The Gyro is a tricky sensor to use, but at yesterday's FLL competition in Elk River, at least 5 teams had worked out the issues to their satisfaction. I'm revealing their answers here. It is unfair to those teams, since their research does represent a significant advantage over other teams. That said, none of their solutions were complete. Each team had some part of the answer, but none had everything.
One team, not one of the 5, had given up on using the gyro in the belief that it could not be place close to the rechargeable battery pack because the gyro sensor would get too hot. I hadn't heard that before and have no idea if it has any basis in fact.
Almost all of the teams used the "Simple Gyro Fix" mentioned in the original question. They varied in whether they paused before, during, and after each step.
Two teams had tests to avoid leaving home base with a "drifting" gyro. One waited 10 seconds to see if the drift was still less than 2 degrees. Another ran the robot through a routine that cause the robot to twitch if it was drifting. No twitching meant it was ok.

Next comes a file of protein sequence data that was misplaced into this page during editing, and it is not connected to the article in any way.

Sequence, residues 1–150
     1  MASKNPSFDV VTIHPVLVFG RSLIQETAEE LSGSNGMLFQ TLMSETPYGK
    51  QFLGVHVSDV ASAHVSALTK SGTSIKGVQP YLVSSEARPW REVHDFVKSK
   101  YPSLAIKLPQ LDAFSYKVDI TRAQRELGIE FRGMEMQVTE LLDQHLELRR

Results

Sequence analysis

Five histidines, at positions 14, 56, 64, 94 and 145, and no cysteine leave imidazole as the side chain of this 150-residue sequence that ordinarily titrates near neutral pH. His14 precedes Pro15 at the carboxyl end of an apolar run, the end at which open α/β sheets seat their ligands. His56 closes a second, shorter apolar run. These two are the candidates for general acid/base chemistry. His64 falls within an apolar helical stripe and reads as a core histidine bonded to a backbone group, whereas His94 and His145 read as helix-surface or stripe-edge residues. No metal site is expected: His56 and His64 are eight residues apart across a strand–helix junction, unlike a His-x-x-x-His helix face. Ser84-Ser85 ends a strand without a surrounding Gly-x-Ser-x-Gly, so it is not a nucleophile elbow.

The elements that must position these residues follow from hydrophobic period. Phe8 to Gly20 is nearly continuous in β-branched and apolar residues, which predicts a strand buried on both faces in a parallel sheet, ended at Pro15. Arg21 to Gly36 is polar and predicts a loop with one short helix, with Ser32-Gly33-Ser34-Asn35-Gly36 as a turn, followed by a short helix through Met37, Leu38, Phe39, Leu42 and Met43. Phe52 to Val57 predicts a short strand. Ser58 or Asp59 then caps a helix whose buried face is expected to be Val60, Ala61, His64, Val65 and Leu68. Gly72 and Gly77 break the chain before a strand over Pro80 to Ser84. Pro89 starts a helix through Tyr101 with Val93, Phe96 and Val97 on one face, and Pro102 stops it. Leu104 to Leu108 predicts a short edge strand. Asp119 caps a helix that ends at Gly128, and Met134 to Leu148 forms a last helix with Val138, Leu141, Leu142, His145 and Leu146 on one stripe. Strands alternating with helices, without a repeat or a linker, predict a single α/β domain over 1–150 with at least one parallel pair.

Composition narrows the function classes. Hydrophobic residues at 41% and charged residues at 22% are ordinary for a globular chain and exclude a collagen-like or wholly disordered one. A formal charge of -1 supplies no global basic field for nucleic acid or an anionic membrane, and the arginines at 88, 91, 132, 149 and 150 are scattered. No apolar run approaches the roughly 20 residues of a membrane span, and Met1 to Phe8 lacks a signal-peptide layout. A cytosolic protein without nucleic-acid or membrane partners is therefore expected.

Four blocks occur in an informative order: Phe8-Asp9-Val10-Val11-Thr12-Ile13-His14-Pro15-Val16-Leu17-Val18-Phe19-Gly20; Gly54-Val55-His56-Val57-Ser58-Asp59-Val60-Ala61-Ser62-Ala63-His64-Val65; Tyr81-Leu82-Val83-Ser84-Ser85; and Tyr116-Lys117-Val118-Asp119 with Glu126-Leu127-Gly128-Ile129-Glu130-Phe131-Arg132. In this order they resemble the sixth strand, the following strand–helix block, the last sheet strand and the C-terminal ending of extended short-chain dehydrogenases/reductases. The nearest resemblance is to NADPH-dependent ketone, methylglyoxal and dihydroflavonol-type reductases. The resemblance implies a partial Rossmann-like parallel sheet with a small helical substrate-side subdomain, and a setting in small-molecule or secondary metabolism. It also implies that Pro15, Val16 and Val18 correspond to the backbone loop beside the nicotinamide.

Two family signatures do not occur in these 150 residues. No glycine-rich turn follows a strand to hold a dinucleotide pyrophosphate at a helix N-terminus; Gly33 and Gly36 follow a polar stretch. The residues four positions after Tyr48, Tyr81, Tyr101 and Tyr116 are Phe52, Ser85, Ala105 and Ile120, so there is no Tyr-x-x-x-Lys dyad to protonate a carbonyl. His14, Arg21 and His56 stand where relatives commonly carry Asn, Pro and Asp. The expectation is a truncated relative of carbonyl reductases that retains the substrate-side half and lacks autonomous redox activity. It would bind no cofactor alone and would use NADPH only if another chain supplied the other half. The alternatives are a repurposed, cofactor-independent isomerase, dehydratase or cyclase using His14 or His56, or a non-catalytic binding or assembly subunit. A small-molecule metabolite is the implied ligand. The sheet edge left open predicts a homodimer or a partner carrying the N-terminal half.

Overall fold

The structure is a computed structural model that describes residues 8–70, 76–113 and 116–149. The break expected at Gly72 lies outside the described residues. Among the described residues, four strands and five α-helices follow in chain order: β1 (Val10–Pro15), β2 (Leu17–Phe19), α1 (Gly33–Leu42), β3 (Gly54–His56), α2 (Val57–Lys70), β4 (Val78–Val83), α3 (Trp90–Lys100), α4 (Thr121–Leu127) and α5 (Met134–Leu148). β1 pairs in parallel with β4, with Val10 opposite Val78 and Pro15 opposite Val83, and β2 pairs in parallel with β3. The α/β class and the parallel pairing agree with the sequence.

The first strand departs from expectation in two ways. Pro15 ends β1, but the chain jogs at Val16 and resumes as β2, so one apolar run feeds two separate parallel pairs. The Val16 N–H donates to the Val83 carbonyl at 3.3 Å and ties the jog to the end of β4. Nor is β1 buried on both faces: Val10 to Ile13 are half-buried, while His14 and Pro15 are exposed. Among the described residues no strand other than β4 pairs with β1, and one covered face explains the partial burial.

A different set of two teams added a double reset of the gyro. This reset being the reset of the Gyro angle to 0. One of those teams said they had followed the advice of some site on the internet. That team also added a 1 second wait before and after the double reset. The first to "still" the robot; the second to ensure the zeroing of the gyro angle had been taken.
One team had a set of MyBlocks that turned based on either the rotation sensors or the gyro sensor. It allowed them to retreat from using the gyro sensor if they needed to. They had gone to the trouble because of the bad reputation of the Gyro sensor. In front of the judges, they used the gyro. It worked. Clearly, they had worried a lot and then figured out how to use it.
The teams differed in how they turned. Some pivoted, some spinned, and some accepted any motion.
One team used the gyro to go straight, sort of a proportional line follower with a gyro sensor instead of light sensor. They did not use it for turns.
None of the teams did the work of recording the drifting episodes to a file. None of the teams displayed a warning as a sound, a blinking light, or a message on the LCD panel before the robot left the home base.
None of the teams switch automagically to the rotation sensors when the gyro is known to be drifting.
None of the teams used #2 of the accepted answer.